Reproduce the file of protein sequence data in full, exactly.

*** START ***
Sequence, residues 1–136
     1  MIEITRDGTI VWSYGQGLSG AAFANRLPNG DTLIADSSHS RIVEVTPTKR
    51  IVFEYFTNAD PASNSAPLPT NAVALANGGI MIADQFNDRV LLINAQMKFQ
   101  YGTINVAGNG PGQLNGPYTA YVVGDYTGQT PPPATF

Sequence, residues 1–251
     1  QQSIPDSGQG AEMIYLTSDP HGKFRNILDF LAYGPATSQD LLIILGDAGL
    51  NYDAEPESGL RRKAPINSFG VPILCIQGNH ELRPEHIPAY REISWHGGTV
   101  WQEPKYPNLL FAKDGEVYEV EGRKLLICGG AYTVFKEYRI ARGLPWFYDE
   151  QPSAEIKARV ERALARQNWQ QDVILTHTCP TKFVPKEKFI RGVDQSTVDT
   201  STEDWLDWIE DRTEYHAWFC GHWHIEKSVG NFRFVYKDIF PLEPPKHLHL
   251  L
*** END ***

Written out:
Sequence, residues 1–136
     1  MIEITRDGTI VWSYGQGLSG AAFANRLPNG DTLIADSSHS RIVEVTPTKR
    51  IVFEYFTNAD PASNSAPLPT NAVALANGGI MIADQFNDRV LLINAQMKFQ
   101  YGTINVAGNG PGQLNGPYTA YVVGDYTGQT PPPATF

Sequence, residues 1–251
     1  QQSIPDSGQG AEMIYLTSDP HGKFRNILDF LAYGPATSQD LLIILGDAGL
    51  NYDAEPESGL RRKAPINSFG VPILCIQGNH ELRPEHIPAY REISWHGGTV
   101  WQEPKYPNLL FAKDGEVYEV EGRKLLICGG AYTVFKEYRI ARGLPWFYDE
   151  QPSAEIKARV ERALARQNWQ QDVILTHTCP TKFVPKEKFI RGVDQSTVDT
   201  STEDWLDWIE DRTEYHAWFC GHWHIEKSVG NFRFVYKDIF PLEPPKHLHL
   251  L